WASHINGTON (CN) — Though the number of Covid-19 infections continues to rise around the United States, President Donald Trump said on Friday that he would override governors if they failed to open places of worship over the weekend.
“The governors need to do the right thing and let these very essential places of faith to open right now for this weekend and if they don’t do it, I will override the governors. In America we need more prayer, not less,” the president said in brief remarks from the White House.
He did not stay for questions.
If the president were to follow through with the threat, and effectively assert executive overreach into states, the maneuver on its face would technically be violation of the 10th Amendment of the U.S. Constitution.
That amendment specifically states: “The powers not delegated to the United States by the Constitution, nor prohibited by it to the States, are reserved to the States respectively, or to the people.”
“President Trump does not have the authority to override the governors because the decision of whether to reopen the churches falls within the power that the Tenth Amendment reserves to states,” professor Franita Tolson of the University of South Carolina Gould School of Law said in an interview Friday. “If the president issues the order, it is likely that the governors in states where it is not safe to open houses of worship will refuse to open the churches and file lawsuits challenging the order.”
During his brief remarks Friday, Trump called it “not right” that churches are closed during the pandemic while liquor stores and abortion clinics remain open.
“I’m calling houses of worship essential,” he said.
If governors take issue with this, the president welcomed them to ring him up.
“If there’s any question, they’re going to have to call me, but they’re not going to be successful in that call,” he said Friday.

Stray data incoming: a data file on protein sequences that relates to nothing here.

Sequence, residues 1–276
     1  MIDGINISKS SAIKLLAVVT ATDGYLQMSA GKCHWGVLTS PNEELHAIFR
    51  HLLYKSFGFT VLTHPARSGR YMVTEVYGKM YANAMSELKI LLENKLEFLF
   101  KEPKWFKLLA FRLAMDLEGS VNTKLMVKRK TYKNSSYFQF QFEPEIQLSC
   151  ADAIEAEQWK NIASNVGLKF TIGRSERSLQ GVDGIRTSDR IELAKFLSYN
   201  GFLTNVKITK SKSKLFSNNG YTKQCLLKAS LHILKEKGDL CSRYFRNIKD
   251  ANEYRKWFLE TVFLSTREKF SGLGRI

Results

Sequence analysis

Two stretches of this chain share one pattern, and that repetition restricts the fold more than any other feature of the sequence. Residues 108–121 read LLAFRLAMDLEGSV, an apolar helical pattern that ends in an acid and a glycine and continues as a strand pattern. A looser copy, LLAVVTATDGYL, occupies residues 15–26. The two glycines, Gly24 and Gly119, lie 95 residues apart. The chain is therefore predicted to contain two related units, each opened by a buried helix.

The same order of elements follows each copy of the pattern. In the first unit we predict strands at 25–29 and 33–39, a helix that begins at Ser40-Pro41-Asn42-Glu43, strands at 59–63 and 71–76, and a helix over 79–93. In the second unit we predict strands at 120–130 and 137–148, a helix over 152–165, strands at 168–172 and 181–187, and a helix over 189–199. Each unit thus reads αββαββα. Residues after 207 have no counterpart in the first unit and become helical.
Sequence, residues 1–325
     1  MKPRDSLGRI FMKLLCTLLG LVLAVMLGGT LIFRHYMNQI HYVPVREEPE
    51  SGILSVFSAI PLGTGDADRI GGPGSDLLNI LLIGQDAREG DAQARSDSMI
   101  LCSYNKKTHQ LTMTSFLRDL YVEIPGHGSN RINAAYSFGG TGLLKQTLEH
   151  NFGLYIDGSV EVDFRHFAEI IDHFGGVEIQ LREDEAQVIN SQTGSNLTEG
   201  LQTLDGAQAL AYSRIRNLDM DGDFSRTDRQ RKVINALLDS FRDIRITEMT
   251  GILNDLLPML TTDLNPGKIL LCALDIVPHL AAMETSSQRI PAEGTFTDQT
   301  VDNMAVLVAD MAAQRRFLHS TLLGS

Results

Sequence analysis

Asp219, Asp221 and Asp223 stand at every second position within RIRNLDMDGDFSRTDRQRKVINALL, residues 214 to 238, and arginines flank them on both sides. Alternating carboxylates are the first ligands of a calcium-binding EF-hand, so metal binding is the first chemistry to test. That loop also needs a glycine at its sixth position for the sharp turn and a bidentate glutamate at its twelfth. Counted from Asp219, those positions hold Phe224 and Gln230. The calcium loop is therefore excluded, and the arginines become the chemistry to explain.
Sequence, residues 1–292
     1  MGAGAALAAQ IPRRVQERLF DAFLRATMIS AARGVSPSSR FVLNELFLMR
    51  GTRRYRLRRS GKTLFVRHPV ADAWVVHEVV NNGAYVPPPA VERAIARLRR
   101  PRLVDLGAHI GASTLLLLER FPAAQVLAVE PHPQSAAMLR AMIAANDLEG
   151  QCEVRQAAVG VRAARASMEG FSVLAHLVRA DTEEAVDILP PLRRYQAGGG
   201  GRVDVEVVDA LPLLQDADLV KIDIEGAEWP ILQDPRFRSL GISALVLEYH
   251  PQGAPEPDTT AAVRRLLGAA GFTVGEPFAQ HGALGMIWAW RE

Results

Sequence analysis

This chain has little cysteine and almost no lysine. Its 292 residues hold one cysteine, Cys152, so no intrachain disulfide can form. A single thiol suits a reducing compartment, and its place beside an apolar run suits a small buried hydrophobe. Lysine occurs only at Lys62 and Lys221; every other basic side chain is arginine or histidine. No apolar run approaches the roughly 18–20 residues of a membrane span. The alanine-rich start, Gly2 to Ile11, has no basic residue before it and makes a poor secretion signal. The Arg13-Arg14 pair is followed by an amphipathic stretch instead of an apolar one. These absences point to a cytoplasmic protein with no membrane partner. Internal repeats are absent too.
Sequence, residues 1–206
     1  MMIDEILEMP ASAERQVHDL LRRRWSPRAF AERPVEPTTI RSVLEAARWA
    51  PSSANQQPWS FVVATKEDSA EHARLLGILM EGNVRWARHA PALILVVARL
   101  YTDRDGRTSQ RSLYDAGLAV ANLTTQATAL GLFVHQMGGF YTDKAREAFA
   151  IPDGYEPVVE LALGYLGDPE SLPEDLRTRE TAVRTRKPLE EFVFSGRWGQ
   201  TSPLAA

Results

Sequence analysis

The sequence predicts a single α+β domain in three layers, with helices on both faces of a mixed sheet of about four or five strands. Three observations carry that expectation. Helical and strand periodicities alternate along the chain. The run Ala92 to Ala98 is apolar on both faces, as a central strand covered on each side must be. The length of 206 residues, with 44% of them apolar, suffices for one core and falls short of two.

Tolson warned that, below the surface, Trump’s move has deeper implications for the White House.
“Because the president asserts a broad view of executive authority that is not supported by the constitutional text or the Supreme Court caselaw,” she said. “If the Supreme Court later endorses the president’s position, however, then this will raise questions about the integrity of the Constitution.”
Trump indicated he would issue such an order a day earlier while touring a makeshift ventilator production line at a Ford Motor plant in Michigan, telling reporters he directed the Centers for Disease Control and Prevention to issue new reopening guidance for places of worship.
The CDC first issued reopening recommendations to the White House over a month ago. Spread over 68 pages, the original CDC reopening guidelines included suggestions for houses of worship as well as restaurants, schools, and businesses. The White House shelved the recommendations, however, in favor of a more general packet, and the latest version that the CDC released Tuesday stands at 60 pages.
Shoring up religious rights has long been a focus the Trump administration, and officials at the Department of Health and Human Services were reportedly spurred this week’s shakeup by opining that pandemic guidance targeted places of worship unfairly.
Several churches throughout the U.S. already planned on resuming services as more states lift stay at home orders. In Florida, Rodney Howard Browne, evangelical pastor for the River at Tampa Bay Church, defied a county-issued stay-at-home order last month and was promptly arrested after holding multiple services with large groups of worshippers.
Browne was charged with unlawful assembly and found in violation of local health and safety regulations, but Florida prosecutors tossed the case last Saturday saying he no longer posed a danger to fellow Floridians.
On Friday, following Trump’s announcement at the White House, Browne tweeted at the president, thanking him for “standing against the globalist agenda to shut up and silent the church.” [sic]
Chad Oldfather, law professor at Marquette University Law School in Milwaukee, Wisconsin, said he expects that Trump’s announcement will embolden churches long before federal enforcement becomes an issue.
“You don’t even need to think about the Tenth Amendment because, the way the Constitution is set up, a branch of the federal government only has the power to do something if the Constitution gives it that power, and there’s nothing that would give such a power to the president to issue such an order,” he said. “I doubt anyone would actually attempt to enforce the order, but I could imagine it being taken by members of congregations as giving them the authority to open up, which would then put states in the position of having to enforce their stay-at-home orders. That could of course get ugly.”